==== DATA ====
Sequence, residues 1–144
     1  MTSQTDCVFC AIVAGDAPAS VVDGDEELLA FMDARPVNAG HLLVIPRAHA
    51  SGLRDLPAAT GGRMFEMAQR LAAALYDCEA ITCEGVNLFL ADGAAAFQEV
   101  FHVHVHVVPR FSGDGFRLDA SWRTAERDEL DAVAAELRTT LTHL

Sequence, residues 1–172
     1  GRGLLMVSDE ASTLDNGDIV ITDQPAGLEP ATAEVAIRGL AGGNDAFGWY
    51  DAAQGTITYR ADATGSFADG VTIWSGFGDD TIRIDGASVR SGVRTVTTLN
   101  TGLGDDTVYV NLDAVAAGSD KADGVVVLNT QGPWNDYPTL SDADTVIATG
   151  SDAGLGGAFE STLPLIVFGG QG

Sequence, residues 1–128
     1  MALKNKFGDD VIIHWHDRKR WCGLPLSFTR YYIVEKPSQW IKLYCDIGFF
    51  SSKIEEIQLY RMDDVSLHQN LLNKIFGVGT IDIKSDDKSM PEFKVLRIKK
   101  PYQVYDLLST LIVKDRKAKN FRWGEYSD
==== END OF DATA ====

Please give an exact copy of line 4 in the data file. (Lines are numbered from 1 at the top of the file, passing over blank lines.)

   101  FHVHVHVVPR FSGDGFRLDA SWRTAERDEL DAVAAELRTT LTHL